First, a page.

Opinion at noon: Supercup in Budapest – super stubborn, super nonsensical – sport

The Supercup was invented to answer a question that basically no longer arises. The Dutch journalist Anton Witkamp had the idea in 1972 to determine the definitely best team in Europe in a game between the winners of the European championship and cup winners; Ajax Amsterdam won the first edition. The cup is now played between the winners of the Champions League and the Europa League, two competitions that have long been incomparable in terms of prestige and value. When Bayern and Sevilla FC face each other in Budapest, the first thing to do is to answer another question. And this time not only is it pretty unnecessary to pose, this time it’s also dangerous.

In European football, can spectators return to the stadium? To find out, Uefa selected the game a month ago as a kind of pilot project: around 30 percent of the Puskás arena can be full, which corresponds to around 20,000 people. The fact that the association wants to test at some point how games with fans from different nations can work during the pandemic is understandable, even if people are sitting in the stands again in league operations. But now Budapest is a risk area, defined as such by the Robert Koch Institute, with an incidence number of more than 100. That is about double the factor in Munich, where the ranks had to remain empty on the first day of the game and remain empty for the time being – and where From this Thursday on, stricter rules will apply again, for example a mask requirement in the pedestrian zone. As understandable as the Uefa idea was once, it is now so nonsensical to stick to it stubbornly.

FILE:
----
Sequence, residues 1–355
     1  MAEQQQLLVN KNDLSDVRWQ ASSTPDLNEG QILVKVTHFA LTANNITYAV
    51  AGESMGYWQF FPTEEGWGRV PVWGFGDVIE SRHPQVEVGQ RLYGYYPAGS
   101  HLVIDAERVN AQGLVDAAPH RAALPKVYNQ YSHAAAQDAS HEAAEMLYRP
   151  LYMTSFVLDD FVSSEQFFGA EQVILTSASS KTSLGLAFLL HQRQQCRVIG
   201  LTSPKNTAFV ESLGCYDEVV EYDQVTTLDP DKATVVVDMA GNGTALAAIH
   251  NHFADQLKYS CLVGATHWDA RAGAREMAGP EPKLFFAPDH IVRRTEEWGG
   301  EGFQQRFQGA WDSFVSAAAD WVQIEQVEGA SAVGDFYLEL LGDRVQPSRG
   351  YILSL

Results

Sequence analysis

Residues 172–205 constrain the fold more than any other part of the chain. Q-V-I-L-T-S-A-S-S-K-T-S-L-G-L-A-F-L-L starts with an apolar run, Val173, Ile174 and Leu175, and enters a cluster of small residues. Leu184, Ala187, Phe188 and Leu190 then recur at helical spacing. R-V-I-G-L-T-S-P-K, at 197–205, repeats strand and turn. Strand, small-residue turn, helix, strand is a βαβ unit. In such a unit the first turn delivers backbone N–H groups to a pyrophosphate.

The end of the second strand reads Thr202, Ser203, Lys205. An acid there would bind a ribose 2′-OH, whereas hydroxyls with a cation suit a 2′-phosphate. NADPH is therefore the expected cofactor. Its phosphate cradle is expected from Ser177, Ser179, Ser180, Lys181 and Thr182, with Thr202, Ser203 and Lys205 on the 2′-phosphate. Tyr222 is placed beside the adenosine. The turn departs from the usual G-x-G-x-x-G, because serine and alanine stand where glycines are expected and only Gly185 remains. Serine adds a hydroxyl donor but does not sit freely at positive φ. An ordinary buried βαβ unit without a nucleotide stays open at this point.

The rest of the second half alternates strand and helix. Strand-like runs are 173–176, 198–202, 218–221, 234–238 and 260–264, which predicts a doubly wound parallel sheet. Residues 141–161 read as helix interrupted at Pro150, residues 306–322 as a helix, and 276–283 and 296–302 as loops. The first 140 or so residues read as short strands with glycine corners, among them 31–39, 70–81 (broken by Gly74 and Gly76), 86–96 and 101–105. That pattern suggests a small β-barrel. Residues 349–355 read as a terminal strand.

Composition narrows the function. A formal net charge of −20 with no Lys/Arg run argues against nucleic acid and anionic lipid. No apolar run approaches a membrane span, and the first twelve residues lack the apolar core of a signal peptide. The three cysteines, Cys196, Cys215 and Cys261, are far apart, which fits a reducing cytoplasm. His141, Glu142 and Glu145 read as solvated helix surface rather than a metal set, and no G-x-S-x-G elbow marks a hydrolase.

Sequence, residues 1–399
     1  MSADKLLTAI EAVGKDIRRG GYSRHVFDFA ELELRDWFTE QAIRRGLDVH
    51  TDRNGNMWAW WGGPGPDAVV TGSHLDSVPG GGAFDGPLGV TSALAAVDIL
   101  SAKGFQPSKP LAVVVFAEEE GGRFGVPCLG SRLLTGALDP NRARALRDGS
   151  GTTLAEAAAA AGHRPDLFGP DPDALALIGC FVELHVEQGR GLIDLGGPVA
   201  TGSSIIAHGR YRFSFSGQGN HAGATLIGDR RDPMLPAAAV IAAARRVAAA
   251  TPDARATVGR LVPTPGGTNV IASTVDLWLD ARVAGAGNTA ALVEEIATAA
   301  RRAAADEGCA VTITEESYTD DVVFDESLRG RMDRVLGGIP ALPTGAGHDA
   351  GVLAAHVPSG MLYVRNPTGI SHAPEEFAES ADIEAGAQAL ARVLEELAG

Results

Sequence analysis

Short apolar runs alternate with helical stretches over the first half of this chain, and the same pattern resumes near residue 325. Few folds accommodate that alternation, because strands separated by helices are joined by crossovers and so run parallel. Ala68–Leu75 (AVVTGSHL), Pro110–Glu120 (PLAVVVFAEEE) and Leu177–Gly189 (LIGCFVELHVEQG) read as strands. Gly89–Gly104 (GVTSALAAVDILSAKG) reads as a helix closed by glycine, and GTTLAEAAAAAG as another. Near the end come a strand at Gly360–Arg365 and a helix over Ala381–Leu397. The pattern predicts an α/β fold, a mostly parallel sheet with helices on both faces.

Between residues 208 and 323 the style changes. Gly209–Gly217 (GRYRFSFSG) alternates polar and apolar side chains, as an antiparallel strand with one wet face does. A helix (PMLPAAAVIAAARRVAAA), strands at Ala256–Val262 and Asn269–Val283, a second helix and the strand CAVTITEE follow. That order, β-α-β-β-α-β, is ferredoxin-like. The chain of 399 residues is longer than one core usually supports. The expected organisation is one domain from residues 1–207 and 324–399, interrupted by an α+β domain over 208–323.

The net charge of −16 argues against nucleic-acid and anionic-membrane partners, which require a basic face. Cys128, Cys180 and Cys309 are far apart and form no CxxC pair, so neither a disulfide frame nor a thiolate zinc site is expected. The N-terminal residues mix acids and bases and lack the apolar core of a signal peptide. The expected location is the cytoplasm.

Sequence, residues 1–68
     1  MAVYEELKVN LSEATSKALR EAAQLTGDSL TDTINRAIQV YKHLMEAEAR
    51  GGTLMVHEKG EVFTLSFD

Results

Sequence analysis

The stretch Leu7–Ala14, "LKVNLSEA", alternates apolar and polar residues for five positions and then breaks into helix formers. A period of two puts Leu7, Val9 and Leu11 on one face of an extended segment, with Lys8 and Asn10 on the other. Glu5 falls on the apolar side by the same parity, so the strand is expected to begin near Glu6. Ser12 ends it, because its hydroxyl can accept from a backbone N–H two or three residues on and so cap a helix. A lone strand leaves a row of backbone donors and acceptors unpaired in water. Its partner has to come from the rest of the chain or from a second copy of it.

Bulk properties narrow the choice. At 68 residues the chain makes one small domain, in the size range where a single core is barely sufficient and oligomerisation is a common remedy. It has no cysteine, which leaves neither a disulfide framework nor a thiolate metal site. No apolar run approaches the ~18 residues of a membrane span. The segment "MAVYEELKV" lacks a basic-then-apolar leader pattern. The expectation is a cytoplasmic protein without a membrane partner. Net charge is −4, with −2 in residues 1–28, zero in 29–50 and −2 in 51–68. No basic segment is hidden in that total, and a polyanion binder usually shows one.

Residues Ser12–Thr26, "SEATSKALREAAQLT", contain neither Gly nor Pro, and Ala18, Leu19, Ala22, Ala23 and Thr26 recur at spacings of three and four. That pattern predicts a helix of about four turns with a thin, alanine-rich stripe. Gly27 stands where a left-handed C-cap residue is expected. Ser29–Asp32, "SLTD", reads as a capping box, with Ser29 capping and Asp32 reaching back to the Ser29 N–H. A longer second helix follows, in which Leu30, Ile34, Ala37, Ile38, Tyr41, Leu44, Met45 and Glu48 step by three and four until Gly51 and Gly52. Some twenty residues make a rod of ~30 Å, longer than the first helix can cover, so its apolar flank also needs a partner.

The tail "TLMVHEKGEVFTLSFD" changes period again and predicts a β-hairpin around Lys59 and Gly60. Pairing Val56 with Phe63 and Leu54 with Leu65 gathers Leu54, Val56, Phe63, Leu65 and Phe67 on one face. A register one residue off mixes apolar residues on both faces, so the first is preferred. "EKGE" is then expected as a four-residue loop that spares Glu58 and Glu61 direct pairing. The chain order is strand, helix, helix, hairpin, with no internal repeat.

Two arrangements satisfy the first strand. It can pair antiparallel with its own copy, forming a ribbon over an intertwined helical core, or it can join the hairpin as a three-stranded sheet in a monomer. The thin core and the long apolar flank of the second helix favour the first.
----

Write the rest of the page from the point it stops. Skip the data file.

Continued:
FC Bayern even pointed out a warning from the Foreign Office

The association says that all safety precautions are being taken. But even those who recently showed understanding now see things a little differently. Fans who wanted to travel from Munich are canceling their tickets in droves, even since Bavaria’s Prime Minister Markus Söder announced the tightening of quarantine rules on the occasion of the Supercup. Even Bayern’s CEO Karl-Heinz Rummenigge, who emphasized his understanding for the plans on Sunday, now chose his words differently: “I think everyone has a stomachache.” The club even pointed out a warning from the Foreign Office “against unnecessary tourist trips” to Budapest.

There, in Hungary’s capital, the green-liberal Lord Mayor Gergely Karácsony has spoken out in favor of a game without spectators. However, he also said: “The responsibility rests with those who have the power to make decisions.” These are Uefa President Aleksander Čeferin and Hungary’s right-wing national Prime Minister Viktor Orbán, who is expected as a guest of honor at the game, as is Sándor Csányi, Hungary’s head of the association, who sits on the Uefa Executive Committee as Vice President.

How controversial the role of the association is, underlined the speech of Porto’s mayor, who threatened to file a lawsuit. The game was withdrawn from his city – with a high level of infection as the reason.

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